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Bitter Cold Temperatures Will Send Pests Scurrying to Your Home this Fall and Winter
The National Pest Management Association issues its Fall/Winter 2020 Bug Barometer® forecast
FAIRFAX, VA (September 24, 2020) – The National Pest Management Association (NPMA) today released its bi-annual Bug Barometer® forecast, a seasonal projection of the pest pressure and activity Americans can expect to see in their respective regions of the country based on weather patterns, long-term forecasts and pest biological behaviors. According to the group’s team of entomologists, the warm and wet summer experienced across most of the nation coupled with predictions of bitter cold and snow this winter will force pests indoors in droves.
“For much of the country, the end of summer brought with it tons of rain and warm temperatures, giving disease-carrying pests like mosquitoes and ticks ample time to lay eggs ahead of winter,” said Jim Fredericks, Ph.D., chief entomologist for the NPMA. “Mosquitoes and ticks, well-known vectors of deadly diseases such as West Nile virus, Eastern equine encephalitis (EEE) and Lyme disease will remain active in much of the country even as temperatures begin to drop. As we all try to soak up the last days of warmth before winter sets in, be sure to properly apply an EPA-registered insect repellent containing at least 20 percent DEET before heading outdoors and consider wearing long sleeves and pants to protect against these biting pests.”
Homeowners in the Northeast, Northwest and Southeast regions should also keep an eye out for signs of mice, rats and cockroaches, all of which pose serious health threats to humans. “Rodents and cockroaches spread countless germs and diseases and can even trigger serious allergy and asthma symptoms. Mice and rats invade an estimated 21 million U.S. homes each winter in search of shelter from bitter cold temperatures and snow, so be sure to eliminate any areas of moisture found in the home and be sure to keep your kitchen clean, storing food in airtight containers to keep pests out,” added Fredericks.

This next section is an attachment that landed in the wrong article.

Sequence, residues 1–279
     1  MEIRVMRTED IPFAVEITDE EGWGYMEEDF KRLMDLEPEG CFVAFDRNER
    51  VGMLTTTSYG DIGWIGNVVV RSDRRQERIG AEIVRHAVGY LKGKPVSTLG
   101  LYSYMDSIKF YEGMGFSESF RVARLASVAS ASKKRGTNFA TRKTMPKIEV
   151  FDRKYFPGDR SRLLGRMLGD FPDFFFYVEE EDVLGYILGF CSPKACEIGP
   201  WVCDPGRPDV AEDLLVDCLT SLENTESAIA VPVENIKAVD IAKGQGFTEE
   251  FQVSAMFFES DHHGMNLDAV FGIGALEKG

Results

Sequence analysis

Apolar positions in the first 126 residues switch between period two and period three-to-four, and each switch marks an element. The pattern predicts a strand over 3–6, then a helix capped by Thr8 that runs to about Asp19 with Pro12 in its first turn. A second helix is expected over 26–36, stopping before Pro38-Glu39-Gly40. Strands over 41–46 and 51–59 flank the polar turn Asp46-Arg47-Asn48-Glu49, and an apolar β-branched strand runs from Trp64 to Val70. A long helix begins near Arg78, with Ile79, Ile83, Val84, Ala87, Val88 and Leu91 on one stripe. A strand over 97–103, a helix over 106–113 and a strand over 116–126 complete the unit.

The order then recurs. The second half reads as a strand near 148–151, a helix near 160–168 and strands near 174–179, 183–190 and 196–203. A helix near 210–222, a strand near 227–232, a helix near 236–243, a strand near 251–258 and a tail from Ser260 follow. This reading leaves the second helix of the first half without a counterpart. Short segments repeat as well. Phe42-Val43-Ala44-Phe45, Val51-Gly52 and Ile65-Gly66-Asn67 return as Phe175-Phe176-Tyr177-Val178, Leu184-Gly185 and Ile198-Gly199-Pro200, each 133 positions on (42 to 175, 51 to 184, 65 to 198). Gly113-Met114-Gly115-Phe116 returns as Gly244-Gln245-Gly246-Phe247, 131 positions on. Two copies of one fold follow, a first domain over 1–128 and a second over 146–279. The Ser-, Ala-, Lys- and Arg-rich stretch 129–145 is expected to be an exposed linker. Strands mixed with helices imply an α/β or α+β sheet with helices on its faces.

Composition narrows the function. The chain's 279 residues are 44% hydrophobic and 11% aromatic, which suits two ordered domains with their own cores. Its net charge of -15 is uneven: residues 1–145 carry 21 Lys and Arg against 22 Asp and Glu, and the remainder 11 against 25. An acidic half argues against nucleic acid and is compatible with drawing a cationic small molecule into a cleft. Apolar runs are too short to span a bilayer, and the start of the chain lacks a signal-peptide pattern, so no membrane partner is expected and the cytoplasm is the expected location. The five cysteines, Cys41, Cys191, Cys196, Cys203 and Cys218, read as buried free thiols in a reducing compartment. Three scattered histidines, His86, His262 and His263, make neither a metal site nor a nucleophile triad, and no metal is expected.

Based on this analysis, the National Pest Management Association’s Fall/Winter 2020 Bug Barometer is forecasting an increase in pest pressure across the entire U.S. this season:
Northeast & New England
High temps and late-season rain could afford spotted lanternflies extra time to lay eggs, and will also allow mosquito and tick populations to survive well into fall. Bitter cold temps and heavy snow predicted this winter will drive rodents indoors.
Great Lakes, Ohio Valley & Midwest
Mild winter conditions predicted for the region may enable stink bugs and multicolored Asian lady beetles to remain active longer into winter months and extend tick activity.
Mild temperatures expected in the northern parts of the region may allow ticks and mosquitoes to remain active until freezing. Dry conditions further south into Florida may force ants and cockroaches indoors.
North Central U.S.
Above-average snowfall in the northern part of this region may drive rodents indoors in search of shelter. The mild summer and winter forecast could increase cluster fly activity indoors.
South Central U.S.
Mild, wet conditions this summer will have allowed tick and mosquito populations to thrive. Warm, dry conditions predicted for fall and winter may drive ants and cockroaches indoors in search of water.
Heavy late-summer rainfall and mild conditions predicted for winter may allow tick activity well into the winter. Below-average precipitation and cold winter weather may also drive rodents indoors in search of water and shelter.
Cold, dry conditions predicted throughout the region this winter may drive ants and rodents indoors in search of water, shelter and warmth.
For more information about pests or NPMA’s Bug Barometer® forecast, visit PestWorld.org.
About the National Pest Management Association
The NPMA, a non-profit organization with more than 5,500 members, was established in 1933 to support the pest management industry's commitment to the protection of public health, food and property from the diseases and dangers of pests. For more information, visit PestWorld.org or follow @PestWorld on Facebook, Twitter, Pinterest and YouTube.